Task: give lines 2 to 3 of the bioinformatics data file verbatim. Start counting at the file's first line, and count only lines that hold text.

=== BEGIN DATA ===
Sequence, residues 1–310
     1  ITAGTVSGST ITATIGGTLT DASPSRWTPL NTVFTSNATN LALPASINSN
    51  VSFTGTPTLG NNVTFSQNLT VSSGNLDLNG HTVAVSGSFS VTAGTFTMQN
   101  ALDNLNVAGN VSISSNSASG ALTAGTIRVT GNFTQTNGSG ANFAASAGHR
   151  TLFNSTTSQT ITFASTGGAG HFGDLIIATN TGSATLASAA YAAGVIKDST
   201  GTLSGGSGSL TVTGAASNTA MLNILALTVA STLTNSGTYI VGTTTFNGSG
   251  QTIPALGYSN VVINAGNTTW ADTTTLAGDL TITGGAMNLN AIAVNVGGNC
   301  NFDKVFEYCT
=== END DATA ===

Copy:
     1  ITAGTVSGST ITATIGGTLT DASPSRWTPL NTVFTSNATN LALPASINSN
    51  VSFTGTPTLG NNVTFSQNLT VSSGNLDLNG HTVAVSGSFS VTAGTFTMQN